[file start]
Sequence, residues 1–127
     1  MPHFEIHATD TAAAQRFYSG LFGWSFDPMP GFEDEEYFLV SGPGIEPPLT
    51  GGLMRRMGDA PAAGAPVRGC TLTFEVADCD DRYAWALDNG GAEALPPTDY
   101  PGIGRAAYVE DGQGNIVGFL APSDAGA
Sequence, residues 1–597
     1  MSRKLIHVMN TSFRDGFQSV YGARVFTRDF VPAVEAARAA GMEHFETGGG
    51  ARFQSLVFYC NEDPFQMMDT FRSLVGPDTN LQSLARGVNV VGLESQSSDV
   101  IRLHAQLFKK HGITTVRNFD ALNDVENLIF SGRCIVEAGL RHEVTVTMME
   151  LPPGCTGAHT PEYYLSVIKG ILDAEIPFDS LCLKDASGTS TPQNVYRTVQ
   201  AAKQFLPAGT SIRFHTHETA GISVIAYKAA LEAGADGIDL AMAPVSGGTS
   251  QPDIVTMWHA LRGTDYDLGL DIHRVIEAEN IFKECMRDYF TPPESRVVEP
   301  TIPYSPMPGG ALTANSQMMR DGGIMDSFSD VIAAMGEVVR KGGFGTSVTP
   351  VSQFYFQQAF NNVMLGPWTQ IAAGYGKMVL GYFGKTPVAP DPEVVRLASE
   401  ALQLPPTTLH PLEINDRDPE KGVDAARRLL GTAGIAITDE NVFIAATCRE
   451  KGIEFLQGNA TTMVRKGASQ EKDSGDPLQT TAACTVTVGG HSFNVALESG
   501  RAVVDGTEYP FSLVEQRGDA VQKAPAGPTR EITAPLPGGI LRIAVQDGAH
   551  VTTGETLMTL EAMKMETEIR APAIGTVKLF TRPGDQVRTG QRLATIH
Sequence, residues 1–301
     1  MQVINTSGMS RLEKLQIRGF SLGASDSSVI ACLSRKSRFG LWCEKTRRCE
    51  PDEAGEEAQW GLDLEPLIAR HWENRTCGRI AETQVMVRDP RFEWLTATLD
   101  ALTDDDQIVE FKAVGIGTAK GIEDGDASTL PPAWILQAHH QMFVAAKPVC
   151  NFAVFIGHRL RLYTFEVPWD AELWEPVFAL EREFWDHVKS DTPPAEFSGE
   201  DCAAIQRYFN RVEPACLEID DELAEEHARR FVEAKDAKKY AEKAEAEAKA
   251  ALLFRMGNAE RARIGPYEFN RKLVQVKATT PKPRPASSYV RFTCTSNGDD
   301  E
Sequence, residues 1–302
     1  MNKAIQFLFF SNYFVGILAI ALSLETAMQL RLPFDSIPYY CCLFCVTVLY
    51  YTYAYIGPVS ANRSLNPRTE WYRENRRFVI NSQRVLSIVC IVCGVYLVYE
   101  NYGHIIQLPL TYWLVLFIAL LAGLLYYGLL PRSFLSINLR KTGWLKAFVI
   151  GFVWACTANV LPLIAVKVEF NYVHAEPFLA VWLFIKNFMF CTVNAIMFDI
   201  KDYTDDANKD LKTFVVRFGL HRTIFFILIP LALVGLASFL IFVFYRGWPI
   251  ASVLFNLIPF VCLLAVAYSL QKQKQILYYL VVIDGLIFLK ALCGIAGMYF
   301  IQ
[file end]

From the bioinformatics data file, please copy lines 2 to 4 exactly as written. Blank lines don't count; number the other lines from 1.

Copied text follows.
     1  MPHFEIHATD TAAAQRFYSG LFGWSFDPMP GFEDEEYFLV SGPGIEPPLT
    51  GGLMRRMGDA PAAGAPVRGC TLTFEVADCD DRYAWALDNG GAEALPPTDY
   101  PGIGRAAYVE DGQGNIVGFL APSDAGA